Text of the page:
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Press Release

March 25, 2010

No. 10-6

Mokie Porter
301-585-4000, Ext. 146

VVA Praises VA; Urges Eligible Veterans and Survivors of Deceased Veterans To File Claims for Newly ‘Presumptive’ Diseases Associated with Agent Orange 

(WASHINGTON, DC) – “Today, the Department of Veterans Affairs published proposed rules which, when they become final, will implement the decision by the VA Secretary that makes service-connected presumptive three additional health conditions – Parkinson’s disease; B cell leukemias, such as hairy cell leukemia; and ischemic heart disease. It is imperative that any Vietnam veteran, afflicted with any of these conditions, or the eligible survivor of a veteran who may have died from these illnesses, move immediately to file a claim for disability compensation,” said John Rowan, National President of Vietnam Veterans of America (VVA). This is true, even if a Vietnam veteran or survivor never filed a claim or has previously filed a claim which was denied.

“This is only one more step, albeit a very important one, on the road to justice for Vietnam veterans, and their survivors, who have suffered from the unseen wounds of our war,” Rowan said. “VA Secretary Shinseki and President Obama deserve great credit and the thanks of all Vietnam veterans and our families, not only for this decision, but also for their stated determination to do better reviews of illnesses that may be connected to military service,” Rowan said. “VVA is pleased that the VA also will review the claims of more than 80,000 veterans who may be eligible for retroactive payment, as well as enrollment into the VA healthcare system. However, we urge the VA to publicize these new rules, so that veterans understand that their illnesses resulted from military service, entitling them to compensation and healthcare, or that surviving spouses, children, or dependent parents of veterans, who died from these illnesses, may be entitled to compensation or assistance.”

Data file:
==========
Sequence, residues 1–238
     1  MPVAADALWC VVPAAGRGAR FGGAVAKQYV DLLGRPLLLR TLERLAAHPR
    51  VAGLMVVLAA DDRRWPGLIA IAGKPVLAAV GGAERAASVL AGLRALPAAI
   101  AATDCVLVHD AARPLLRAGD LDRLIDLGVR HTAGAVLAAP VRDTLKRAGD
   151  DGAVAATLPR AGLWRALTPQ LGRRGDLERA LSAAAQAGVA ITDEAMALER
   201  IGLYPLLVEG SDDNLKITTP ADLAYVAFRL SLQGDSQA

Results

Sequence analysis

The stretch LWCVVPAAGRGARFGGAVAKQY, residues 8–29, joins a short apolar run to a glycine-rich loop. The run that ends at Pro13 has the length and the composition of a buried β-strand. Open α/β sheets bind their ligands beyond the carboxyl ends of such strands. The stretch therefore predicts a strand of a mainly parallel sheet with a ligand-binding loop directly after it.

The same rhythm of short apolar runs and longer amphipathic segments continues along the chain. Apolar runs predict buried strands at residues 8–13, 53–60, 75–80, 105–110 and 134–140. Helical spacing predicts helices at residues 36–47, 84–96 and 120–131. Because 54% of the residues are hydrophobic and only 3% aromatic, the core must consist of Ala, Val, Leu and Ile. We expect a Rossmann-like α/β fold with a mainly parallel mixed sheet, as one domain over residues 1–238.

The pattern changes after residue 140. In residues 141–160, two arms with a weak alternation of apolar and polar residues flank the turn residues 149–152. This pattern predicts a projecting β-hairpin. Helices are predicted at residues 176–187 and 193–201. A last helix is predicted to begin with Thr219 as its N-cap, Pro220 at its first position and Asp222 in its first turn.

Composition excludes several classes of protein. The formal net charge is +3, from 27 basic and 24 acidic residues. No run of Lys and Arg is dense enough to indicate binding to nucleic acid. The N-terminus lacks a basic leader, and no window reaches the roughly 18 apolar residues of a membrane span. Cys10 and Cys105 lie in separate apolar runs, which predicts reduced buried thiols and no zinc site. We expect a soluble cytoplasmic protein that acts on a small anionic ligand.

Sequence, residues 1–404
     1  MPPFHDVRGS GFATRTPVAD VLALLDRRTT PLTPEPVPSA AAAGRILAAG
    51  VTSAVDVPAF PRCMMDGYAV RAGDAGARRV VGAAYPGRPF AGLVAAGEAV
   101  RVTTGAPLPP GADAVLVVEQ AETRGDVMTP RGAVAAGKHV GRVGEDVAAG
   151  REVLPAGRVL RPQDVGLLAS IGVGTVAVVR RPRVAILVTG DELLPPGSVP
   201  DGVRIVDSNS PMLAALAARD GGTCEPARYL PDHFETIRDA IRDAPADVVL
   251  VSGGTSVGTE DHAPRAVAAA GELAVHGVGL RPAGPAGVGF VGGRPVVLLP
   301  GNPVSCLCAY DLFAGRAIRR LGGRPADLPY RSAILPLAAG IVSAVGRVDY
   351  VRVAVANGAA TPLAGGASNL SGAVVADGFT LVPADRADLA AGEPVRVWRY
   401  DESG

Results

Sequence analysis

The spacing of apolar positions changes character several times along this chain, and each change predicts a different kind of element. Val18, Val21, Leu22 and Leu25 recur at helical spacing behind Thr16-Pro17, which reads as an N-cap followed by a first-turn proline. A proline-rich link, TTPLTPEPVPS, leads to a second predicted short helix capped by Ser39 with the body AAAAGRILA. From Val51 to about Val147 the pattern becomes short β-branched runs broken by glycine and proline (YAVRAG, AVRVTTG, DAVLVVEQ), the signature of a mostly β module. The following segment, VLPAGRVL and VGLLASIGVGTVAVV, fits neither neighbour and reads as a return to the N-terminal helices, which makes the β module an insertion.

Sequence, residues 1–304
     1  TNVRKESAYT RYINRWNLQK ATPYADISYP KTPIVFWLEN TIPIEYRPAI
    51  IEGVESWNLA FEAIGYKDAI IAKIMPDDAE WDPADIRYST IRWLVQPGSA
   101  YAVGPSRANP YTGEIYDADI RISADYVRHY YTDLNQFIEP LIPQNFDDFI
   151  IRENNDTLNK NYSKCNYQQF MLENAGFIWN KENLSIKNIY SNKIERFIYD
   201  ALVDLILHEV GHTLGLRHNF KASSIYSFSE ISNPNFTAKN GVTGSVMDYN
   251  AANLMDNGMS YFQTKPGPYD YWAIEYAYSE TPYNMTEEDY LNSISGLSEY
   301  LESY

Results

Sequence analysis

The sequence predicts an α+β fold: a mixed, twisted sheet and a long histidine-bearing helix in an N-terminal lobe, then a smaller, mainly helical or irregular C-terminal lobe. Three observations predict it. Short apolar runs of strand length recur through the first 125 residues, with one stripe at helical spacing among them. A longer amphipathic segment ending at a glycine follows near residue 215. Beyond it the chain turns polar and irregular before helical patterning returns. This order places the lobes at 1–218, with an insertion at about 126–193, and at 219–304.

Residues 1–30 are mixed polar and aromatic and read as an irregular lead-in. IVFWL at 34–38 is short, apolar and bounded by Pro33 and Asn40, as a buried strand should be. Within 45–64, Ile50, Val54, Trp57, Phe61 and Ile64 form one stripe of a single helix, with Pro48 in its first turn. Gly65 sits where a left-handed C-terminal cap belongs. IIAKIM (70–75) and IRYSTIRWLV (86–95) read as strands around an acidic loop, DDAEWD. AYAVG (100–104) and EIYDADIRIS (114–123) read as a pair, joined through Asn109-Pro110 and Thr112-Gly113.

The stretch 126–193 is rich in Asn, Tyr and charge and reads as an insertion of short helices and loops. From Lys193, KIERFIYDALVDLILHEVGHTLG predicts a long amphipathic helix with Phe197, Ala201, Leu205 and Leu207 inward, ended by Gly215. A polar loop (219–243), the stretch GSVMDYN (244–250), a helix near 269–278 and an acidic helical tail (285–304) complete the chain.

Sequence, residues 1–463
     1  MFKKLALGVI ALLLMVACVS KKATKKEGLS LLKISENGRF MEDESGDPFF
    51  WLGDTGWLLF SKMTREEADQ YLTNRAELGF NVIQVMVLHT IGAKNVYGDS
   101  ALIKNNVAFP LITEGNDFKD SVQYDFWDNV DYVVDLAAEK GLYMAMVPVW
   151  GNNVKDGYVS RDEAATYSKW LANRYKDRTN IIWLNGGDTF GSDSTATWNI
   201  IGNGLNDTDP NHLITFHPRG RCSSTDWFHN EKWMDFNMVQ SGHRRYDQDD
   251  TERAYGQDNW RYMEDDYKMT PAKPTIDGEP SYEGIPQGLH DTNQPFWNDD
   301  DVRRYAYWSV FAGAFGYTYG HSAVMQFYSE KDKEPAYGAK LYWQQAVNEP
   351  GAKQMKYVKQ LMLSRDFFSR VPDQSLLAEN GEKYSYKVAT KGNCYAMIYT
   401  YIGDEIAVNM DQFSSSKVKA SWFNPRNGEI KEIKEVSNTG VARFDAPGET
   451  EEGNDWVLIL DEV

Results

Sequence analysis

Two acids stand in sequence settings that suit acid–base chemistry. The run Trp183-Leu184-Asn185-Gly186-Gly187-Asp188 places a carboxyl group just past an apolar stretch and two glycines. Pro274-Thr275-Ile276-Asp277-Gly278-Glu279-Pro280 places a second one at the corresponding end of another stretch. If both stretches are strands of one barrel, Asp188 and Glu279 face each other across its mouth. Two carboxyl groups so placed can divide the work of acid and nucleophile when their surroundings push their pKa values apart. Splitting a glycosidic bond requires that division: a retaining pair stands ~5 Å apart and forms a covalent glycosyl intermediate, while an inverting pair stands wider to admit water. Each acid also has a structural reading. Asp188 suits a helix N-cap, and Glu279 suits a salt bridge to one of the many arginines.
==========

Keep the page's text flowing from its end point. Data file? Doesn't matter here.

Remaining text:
These diseases bring the total to 14 illness categories that entitle Vietnam veterans – and veterans who served along the demilitarized zone in Korea in 1968 and 1969 – to health care and disability compensation. VVA also contends that many Vietnam-era veterans were also exposed in their service elsewhere in Southeast Asia during the war, including in Thailand and Laos, and aboard Navy vessels off the coast of Vietnam, as well as certain military bases located in the continental U.S. and its territories.

Among the other diseases recognized by the VA as presumptive to exposure to Agent Orange are diabetes mellitus (Type 2), non-Hodgkin’s lymphoma, prostate cancer, and respiratory cancers (of the lung, bronchus, larynx, or trachea). Additional information about these and other presumptive diseases and long-term health care risks for veterans can be found at the Veterans Health Council web site, www.veteranshealth.org, and in the VVA Self-help Guide to Service-connected Disability Compensation For Exposure to Agent Orange at www.vva.org/Guides/AgentOrangeGuide.pdf
Vietnam Veterans of America (VVA) is the nation's only congressionally chartered veterans service organization dedicated to the needs of Vietnam-era veterans and their families.  VVA's founding principle is “Never again will one generation of veterans abandon another.”


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